This project is a sample for the new Bluetooth HID Device API, which was introduced in Android P. It implements a simple air mouse and cursor keys emulation on a Wear OS device.
Note: This is not an officially supported Google product.
This app is only compatible with Wear OS devices running Android P and above. You can use it to connect with pretty much any laptop or desktop computer, running Windows, Linux, Chrome OS, Mac OSX, Android TV, without any additional software, as long as it has a Bluetooth receiver.
How to use this app
- After launch, the first thing you see is the paired devices list.
- You probably want to pair a laptop or a desktop computer if it is the first time you've launched the app.
- If you tap on "Available devices" option, you'll see nearby devices that
you can try pairing with.
- It's a good idea to try pairing with a laptop or a desktop computer.
- At this screen, the Wear OS device is also discoverable for the nearby devices, so you can try searching for it on the other device as well.
- When you have a paired device, tapping on it will give you an option to
connect to it. This will bring up the Input Mode dialog.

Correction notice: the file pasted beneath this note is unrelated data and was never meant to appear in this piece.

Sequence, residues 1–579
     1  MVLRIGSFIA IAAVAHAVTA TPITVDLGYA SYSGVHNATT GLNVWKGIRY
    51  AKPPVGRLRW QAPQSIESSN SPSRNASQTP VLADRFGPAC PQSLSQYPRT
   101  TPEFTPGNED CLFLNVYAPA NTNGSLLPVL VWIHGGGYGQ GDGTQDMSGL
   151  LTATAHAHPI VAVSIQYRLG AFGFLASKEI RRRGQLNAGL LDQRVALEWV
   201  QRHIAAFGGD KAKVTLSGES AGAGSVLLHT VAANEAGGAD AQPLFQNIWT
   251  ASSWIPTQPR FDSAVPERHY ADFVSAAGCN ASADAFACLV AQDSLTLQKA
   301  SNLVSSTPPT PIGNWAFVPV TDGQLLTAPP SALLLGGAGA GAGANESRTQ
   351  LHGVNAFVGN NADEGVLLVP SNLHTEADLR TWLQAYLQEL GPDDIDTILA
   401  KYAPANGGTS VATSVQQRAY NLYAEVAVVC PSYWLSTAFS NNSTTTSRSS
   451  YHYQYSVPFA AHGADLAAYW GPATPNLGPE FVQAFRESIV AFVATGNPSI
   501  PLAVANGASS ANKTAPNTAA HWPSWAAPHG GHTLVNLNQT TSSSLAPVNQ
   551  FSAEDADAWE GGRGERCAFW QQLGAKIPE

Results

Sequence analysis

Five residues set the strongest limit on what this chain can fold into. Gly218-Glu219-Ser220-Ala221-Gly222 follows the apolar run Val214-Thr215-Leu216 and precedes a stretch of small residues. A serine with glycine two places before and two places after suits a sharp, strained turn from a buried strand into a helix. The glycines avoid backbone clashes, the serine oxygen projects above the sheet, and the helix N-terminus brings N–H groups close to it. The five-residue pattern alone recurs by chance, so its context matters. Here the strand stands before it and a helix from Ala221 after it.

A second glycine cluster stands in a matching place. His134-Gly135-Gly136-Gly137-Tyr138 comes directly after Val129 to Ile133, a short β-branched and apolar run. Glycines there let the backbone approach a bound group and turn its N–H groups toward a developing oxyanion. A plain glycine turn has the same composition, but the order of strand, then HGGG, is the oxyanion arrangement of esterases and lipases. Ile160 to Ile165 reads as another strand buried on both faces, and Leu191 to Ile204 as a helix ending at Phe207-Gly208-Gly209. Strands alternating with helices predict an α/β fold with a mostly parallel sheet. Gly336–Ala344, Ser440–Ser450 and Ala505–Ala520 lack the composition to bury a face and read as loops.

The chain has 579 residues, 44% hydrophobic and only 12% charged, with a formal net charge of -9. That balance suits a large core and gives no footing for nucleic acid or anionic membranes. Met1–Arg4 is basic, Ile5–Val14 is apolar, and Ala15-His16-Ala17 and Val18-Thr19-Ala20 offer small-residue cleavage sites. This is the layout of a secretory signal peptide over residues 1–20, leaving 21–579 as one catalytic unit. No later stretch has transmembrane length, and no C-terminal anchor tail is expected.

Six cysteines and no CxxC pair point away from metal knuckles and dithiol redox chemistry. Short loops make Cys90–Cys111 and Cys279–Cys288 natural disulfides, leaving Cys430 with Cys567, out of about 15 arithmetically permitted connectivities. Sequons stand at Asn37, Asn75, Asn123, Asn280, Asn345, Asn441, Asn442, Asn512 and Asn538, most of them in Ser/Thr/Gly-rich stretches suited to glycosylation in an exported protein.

- Sometimes this dialog pops up immediately after pairing, saving you a few taps.
- You can now choose between Mouse (the air mouse), Cursor Keys and Keyboard
Input modes, and also can change a few settings.
- Every mode (except for the keyboard input) has a welcome screen that describes the way to use it.
Navigating the source code
The main sections of the code tree are:
- Everything related to the HID Device emulation, like report descriptor, app configuration, and everything else that uses the new Bluetooth HID Device API.
- Handy utilities for sending actual input events, e.g. converting characters of an en-US keyboard to scan codes, or converting Rotation Vector sensor events to mouse pointer movements.
- Implements orientation tracking using Google VR library. The GVR-based approach produces results that are a drop-in replacement for the Rotation Vector sensor, but doesn't rely on the watch manufacturer's implementation of that sensor.
- The user interface